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America's Culture War: Founding Fathers

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School Refuses Lottery Funds

by  Dave Miller, Ph.D.

Both public school and lottery officials across the country were stunned when the North Star Public Charter School near Boise, Idaho, refused to accept nearly $10,000 from the Idaho State Lottery—monies earmarked specifically for public education in that state. Education officials from California to New York are baffled, and have indicated they have never heard of a school turning down its share of the lottery. One lottery official blasted the school as “holier-than-thou types.” Why would any school take such a stand? The chairman of the school board at the North Star school gave as the reason for the board’s decision that “taking gambling money would conflict with the school’s mission of developing virtuous citizens” (Boone, 2004).

American civilization has declined to such an extent that most citizens would be shocked to find that the Idaho school occupies the same moral ground that the majority of Americans have occupied from the very beginning of our nation’s history. In fact, the Founding Fathers addressed the issue of gambling. For example, the Continental Congress passed a resolution on October 12, 1788, declaring their condemnation of gambling:

Whereas true religion and good morals are the only solid foundations of public liberty and happiness: Resolved, That it be, and it is hereby earnestly recommended to the several states, to take the most effectual measures for the encouragement thereof, and for the suppressing theatrical entertainments, horse racing, gaming, and such other diversions as are productive of idleness, dissipation, and a general depravity of principles and manners (Journals…, 1823, 3:85).

The laws of Connecticut included a prohibition against gambling:

Gaming is an amusement, the propensity of which is deeply implanted in human nature. Mankind in the most unpolished state of barbarism and in the most refined periods of luxury and dissipation, are attached to this practice with an unaccountable ardor and fondness. To describe the pernicious consequences of it, the ruin and desolation of private families, and the promotion of idleness and dissipation, belong to a treatise on ethics (as quoted in Swift, 1796, 2:351).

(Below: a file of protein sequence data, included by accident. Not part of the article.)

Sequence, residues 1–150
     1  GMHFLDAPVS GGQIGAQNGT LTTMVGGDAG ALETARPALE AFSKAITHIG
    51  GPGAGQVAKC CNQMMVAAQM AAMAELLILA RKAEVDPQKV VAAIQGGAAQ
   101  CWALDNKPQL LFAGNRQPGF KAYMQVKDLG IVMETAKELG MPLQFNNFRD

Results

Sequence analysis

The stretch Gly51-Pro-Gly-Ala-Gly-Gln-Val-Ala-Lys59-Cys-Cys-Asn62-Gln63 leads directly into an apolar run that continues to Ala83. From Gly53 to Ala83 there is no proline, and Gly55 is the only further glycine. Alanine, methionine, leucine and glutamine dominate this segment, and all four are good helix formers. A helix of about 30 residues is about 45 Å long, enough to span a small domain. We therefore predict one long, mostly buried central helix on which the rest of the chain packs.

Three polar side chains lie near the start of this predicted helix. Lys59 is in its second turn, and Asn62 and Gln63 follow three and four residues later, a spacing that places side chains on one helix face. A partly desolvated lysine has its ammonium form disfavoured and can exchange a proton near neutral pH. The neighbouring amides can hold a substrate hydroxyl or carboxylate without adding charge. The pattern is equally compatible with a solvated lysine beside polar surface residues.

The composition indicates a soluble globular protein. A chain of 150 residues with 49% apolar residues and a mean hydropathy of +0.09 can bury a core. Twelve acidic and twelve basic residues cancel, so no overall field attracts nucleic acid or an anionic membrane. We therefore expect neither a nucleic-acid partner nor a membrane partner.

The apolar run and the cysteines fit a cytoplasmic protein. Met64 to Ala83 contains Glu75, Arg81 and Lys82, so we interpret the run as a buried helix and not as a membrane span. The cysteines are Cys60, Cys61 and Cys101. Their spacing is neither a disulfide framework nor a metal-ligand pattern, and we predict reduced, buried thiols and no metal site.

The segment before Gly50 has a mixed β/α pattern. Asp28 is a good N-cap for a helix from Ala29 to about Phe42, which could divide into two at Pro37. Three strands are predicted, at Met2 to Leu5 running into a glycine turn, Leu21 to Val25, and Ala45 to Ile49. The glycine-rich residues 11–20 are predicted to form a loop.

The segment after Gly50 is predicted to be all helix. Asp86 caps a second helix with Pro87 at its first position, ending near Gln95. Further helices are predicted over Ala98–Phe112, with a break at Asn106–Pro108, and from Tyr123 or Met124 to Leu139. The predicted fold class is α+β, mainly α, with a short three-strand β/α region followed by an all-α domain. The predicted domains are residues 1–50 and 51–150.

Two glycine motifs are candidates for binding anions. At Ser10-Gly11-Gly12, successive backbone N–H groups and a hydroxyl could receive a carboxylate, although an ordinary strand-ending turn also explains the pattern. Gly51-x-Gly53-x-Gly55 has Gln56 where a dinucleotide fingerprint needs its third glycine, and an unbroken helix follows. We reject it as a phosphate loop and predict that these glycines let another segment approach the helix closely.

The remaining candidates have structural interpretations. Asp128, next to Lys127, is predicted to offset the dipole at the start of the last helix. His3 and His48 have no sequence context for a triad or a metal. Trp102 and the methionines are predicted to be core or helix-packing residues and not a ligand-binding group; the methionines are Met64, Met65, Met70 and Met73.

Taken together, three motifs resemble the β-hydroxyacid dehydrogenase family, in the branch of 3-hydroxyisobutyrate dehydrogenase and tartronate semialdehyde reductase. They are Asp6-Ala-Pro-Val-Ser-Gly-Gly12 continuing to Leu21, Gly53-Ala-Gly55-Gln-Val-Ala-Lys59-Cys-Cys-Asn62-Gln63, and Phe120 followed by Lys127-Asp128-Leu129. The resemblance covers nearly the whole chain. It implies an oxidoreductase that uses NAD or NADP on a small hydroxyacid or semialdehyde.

In a letter to Martha Jefferson in 1787, Thomas Jefferson commented on the degrading influence of gambling:

In a world which furnishes so many employments which are useful, so many which are amusing, it is our own fault if we ever know what ennui is, or if we are ever driven to the miserable resources of gaming, which corrupts our dispositions, and teaches us a habit of hostility against all mankind (as quoted in Forman, 1900, p. 266).

In his proposal for a revision of the laws in his home state of Virginia, Jefferson offered the following “Bill to Prevent Gaming,” which restricted the holding of public office to non-gamblers:

Any person who shall bet or play for money, or other goods, or who shall bet on the hands or sides of those who play at any game in a tavern, racefield, or other place of public resort, shall be deemed an infamous gambler, and shall not be eligible to any office of trust or honor within this state (1950, 2:306).

George Washington frequently addressed the deleterious effect of gambling on the soldiers of the Continental Army that he commanded. In General Orders issued on February 26, 1776, Washington admonished:

All officers, non-commissioned officers and soldiers are positively forbid playing at cards, and other games of chance. At this time of public distress, men may find enough to do in the service of their God, and their Country, without abandoning themselves to vice and immorality (1931, 4:347).

The majority view of the nation and its Founders from day one has been that gambling in its various forms is a vice that is destructive of the moral fabric of society. As George Washington declared to his troops on May 8, 1777: “Few vices are attended with more pernicious consequences” (8:28). But that majority view has now become the minority view. If the Continental Congress was correct in its claim that “true religion and good morals are the only solid foundations of public liberty and happiness,” then America is moving swiftly down a road that will result in “a general depravity of principles and manners.”

REFERENCES

Boone, Rebecca (2004), “Idaho School Turns Down Lottery Donation,” Seattle Post-Intelligencer, [On-line], URL: http://seattlepi.nwsource.com/national/apus_story.asp?category=1110&slug=School%20Lottery.

Forman, S.E. (1900), The Life and Writings of Thomas Jefferson (Indianapolis, IN: Bowen-Merrill).

Jefferson, Thomas (1950), The Papers of Thomas Jefferson (Princeton, NJ: Princeton University Press).

Journals of the American Congress: From 1774 to 1788 (1823), (Washington, D.C.: Way and Gideon).

Swift, Zephaniah (1796), A System of Laws of the State of Connecticut (Windham, CT: John Byrne).

Washington, George (1931), The Writings of George Washington from the Original Manuscript Sources, 1745-1799 (Washington, D.C.: United States Government Printing Office).




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